We all have tough jobs; jobs that make us focus less on the whole and more on the self. We try to be peacemakers. We try to keep our communities safe. We try to bring up children that accept others (and themselves) for all of their strengths and weaknesses. Sometimes, we have to make snap decisions in high stress moments. We do our best.
And traveling can help us be even better.
The idea that everyone should travel to a country vastly different than their own – just once – won’t go away so long as individuals are regularly interacting with friends and strangers of different identity groups...
...which is to say, travel will always be relevant.
All capable individuals should travel internationally with the intention of gaining clarity on the intrinsic value of diversity of thought, company, and work, as well as improved soft skills, such as empathy and sensitivity. It might be naive to ask that travel become a part of the national education curriculum, but if recent events in the last two years (or more?) have taught us anything, something needs to change. Maybe travel is it, maybe it isn't, but the idea should definitely be entertained.
We need to take responsibility for the change that needs to happen in the world. It’s now your duty, for the betterment of the world as a whole, to leave your home country.
WHAT WE MEAN BY TRAVEL
Interacting with the bellhop at a resort doesn’t count as sensitivity training (but we still encourage you to be nice to your bellhop).
We’re glad you can take a load off and relax on the beach for your annual vacay. You can hang with your sig-O, spend some time with the kids, maybe get to that book you’ve been meaning to. And while vacations serve a purpose and are important, this isn’t the type of traveling we’re getting at here.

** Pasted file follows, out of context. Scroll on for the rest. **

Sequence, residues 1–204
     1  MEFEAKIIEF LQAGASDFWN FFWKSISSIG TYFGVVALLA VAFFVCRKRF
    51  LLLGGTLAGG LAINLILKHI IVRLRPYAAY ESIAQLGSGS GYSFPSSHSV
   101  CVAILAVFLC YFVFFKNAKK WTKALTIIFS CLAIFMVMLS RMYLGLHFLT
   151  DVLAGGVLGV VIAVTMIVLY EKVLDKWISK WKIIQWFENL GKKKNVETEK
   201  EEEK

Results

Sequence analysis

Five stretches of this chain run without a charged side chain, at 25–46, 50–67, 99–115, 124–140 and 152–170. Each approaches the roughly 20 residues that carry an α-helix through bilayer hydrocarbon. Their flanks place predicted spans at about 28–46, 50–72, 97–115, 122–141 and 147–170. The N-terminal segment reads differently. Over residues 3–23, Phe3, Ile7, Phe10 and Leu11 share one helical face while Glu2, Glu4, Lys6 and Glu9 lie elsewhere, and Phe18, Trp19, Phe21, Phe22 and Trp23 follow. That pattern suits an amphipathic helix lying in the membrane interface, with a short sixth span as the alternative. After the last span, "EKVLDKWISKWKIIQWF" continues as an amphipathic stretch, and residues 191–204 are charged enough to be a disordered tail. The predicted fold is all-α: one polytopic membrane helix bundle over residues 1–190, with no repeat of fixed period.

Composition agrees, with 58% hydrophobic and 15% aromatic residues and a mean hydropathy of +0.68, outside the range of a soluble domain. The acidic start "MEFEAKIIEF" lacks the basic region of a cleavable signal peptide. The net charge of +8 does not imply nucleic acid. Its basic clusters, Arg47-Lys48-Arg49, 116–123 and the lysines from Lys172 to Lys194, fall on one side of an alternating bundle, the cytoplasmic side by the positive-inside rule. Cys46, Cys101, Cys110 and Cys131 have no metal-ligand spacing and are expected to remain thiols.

We’re talking about meaningful travel. We’re talking about getting into the thick of it, working on projects alongside other nationals, intentionally conversing about deep topics regularly with them, thinking critically about your place in the world in relation to theirs, exploring cultural exchange. We are NOT just talking about tourism; trust us, there’s a difference.
It’s empowering to interact sincerely in foreign communities, not to mention great fodder for deep-rooted learning.
READY TO BOOK A FLIGHT?
If you’re ever planning on interacting with people who look/think/feel differently than you, you should proactively seek to visit a foreign country, ideally one rather different than your own, for a week to live in community with foreigners (volunteering, learning the language, participating in community-wide discussions are all fair game). Why? We’re glad you asked.
1. You’ll be exposed to other ways of living.
Through the lens of observing how foreigners live their lives, defined by an entirely different and unique “normal,” travelers can begin to understand the differences that comprise a “normal” way of living in the United States.
Between our neighborhoods and our newsfeeds, we’ve gotten pretty darn good at curating environments that reflect our values, preferences, standards of living, opinions, etc. (::cough:: self-segregation ::cough::). We’ve designed our surroundings to mirror ourselves. How often do we go out of our way to walk to a different part of our own town with entirely different lifestyles and norms?
While traveling thousands of miles for this realization may seem extreme, it’s possible that tuning into radical differences will make us more sensitive to the more nuanced ones in our own communities. Individuals should excel at quickly recognizing, appreciating, and evaluating situations based on these subtle differences.
2. You’ll be able to reflect more objectively on American culture.
There’s something about physical distance from our people, culture, and land that provides a clarity we just can’t replicate when in the belly of the beast. Not only will traveling give you the chance reflect on what’s right, wrong, or neither about their own country, it will also provide you with an excellent framework for identifying the things we take for granted. Like seedless grapes, for instance!
Many individuals pride themselves strongly in their identity as an American; their patriotism runs deep in their bones. While admirable, it’s also perfectly healthy (and important) to recognize your country’s excellence as well as its shortcomings, especially when traveling abroad.